The Strengths and Difficulties Questionnaire (SDQ) (Goodman, 1997; Keliat & Marliana, 2018) was used to evaluate the psychosocial state of the children who were affected by the 2018 Lombok earthquake. The SDQ is a short behavioral screening instrument for children and adolescents (3–17 years old) that focuses on their strengths and hardships (Goodman, 1997). The questionnaire consists of 25 questions under five subscales: prosocial, hyperactive, emotional problems, behavioral problems, and peer relationships (Keliat & Marliana, 2018). Each item is scored based on a three-point response format: not true (1), somehow true (2), and true (3). The SDQ questionnaire used in this research was already written in Bahasa and could be accessed freely. The SDQ was chosen as a diagnostic tool because it has been successfully implemented in many Asian countries as one of the most reliable indicators of pediatric mental disturbance (Lee & Bhang, 2018; Lieber, 2017; McDermott et al., 2005). One local study showed that the SDQ has good reliability, with a Cronbach’s alpha of 0.773 (Oktaviana & Wimbarti, 2014).
Data were collected in August 2018 by the researchers and volunteer investigators. The volunteer investigators were informed about the inclusion and exclusion criteria and the questionnaire’s scoring procedure in a briefing. The volunteers were divided into five teams consisting of five to six per team composed of lecturers, mental health nurses, and students. The teams were then assigned to five regions throughout Lombok. Each investigator collected data using the questionnaire on the children.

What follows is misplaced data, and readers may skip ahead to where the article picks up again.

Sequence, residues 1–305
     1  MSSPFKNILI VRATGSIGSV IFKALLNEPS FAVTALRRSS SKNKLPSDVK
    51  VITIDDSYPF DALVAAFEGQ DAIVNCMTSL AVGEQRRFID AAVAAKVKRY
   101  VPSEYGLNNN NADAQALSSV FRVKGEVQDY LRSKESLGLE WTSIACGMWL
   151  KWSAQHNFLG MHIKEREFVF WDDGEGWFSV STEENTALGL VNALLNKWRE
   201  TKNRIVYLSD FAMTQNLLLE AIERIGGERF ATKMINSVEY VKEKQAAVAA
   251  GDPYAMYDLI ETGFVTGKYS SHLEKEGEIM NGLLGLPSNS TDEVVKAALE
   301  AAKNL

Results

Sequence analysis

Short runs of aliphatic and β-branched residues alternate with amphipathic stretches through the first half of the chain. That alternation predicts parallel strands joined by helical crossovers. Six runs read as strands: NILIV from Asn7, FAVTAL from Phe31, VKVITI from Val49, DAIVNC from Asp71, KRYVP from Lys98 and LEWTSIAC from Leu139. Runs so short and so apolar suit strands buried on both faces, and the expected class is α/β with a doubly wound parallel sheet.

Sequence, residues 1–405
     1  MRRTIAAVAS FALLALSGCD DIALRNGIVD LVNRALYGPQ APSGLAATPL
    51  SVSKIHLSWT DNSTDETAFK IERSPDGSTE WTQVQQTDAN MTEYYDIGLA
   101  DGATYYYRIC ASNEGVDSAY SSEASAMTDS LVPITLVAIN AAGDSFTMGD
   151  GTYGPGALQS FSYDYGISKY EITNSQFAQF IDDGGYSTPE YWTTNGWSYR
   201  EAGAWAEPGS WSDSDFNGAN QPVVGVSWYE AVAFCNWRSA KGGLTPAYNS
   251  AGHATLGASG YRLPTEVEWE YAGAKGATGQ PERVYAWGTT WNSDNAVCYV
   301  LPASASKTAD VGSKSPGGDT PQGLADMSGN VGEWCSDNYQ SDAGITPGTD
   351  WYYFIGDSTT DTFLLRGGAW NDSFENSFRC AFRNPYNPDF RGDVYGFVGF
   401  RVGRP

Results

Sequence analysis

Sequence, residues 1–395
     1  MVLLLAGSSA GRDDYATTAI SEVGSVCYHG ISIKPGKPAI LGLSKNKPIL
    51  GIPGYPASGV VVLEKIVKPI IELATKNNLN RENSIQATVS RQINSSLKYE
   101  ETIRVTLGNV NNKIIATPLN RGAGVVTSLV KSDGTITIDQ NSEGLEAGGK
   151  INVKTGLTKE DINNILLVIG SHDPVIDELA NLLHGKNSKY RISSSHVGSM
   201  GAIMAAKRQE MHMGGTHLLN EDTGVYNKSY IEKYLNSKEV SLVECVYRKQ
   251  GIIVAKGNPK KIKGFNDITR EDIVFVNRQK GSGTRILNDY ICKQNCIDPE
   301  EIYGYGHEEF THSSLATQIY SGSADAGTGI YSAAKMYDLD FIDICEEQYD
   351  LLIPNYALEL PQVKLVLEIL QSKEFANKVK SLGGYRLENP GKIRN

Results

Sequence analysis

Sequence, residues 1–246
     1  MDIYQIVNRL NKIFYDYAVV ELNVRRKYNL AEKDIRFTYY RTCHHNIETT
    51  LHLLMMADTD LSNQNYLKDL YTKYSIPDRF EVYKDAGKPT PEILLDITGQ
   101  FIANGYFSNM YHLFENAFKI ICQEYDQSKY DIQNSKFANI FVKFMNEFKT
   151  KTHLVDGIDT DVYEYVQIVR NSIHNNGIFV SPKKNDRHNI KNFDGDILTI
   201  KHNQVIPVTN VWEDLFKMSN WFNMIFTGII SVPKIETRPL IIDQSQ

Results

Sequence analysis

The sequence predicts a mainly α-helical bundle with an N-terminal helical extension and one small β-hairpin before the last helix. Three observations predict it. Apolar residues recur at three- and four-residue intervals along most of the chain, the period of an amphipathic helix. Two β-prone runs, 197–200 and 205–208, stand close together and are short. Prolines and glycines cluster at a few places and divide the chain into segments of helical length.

The data were analyzed using SPSS 24, and descriptive statistics were used to present the mean, standard deviation, frequency, and percentage. In addition, a cross-tabulation was used to identify the association between age, gender, and SDQ.
The study was ethically approved by the Ethics Commission of Universitas Indonesia (no. SK-02/UN2.F12.D1.2.1/ETIK. FIK.2020). Prior to data collection, informed consent was signed by the parents or caregivers of the children. Then, the children were interviewed in the presence of their respective parents or caregivers, from which the SDQ questionnaire data were collected.
Characteristics of the Participants
A hundred response rate of the participants was identified in this study, which 189 children from the five regions were affected by the 2018 Lombok earthquake. The participants consisted of 98 girls (51.9%) and 91 boys (48.1%), with a mean age of 8.2 years. Most participants were school-age children (75.1%) (Table 1).
|Characteristics||n (%)||Mean ± SD|
|Age||8.2 ± 2.164|
|Preschool Age||47 (24.9%)|
SDQ Scores of the Participants
Table 2 shows that most participants had an SDQ general score of more than 24 (51.9%), which indicated that some of the children’s mental health stages are at risk. For example, for the difficulties score, there were 103 children (54.5%) in the abnormal category and 86 (45.5%) in the normal category. Nonetheless, for the strengths score, more children were in the normal stage (51.3%) than in the abnormal stage (48.7%).
|SDQ Score||n||%||Valid Percent||Cumulative Percent|
Associations of Age, Gender, and SDQ
Table 3 shows that girls were less strong (55 respondents) than boys (37 respondents). In addition, 78 school-aged children found it difficult to adjust to their current situation after the earthquake. Nonetheless, there were 75 school-aged children in the normal stage for their strength.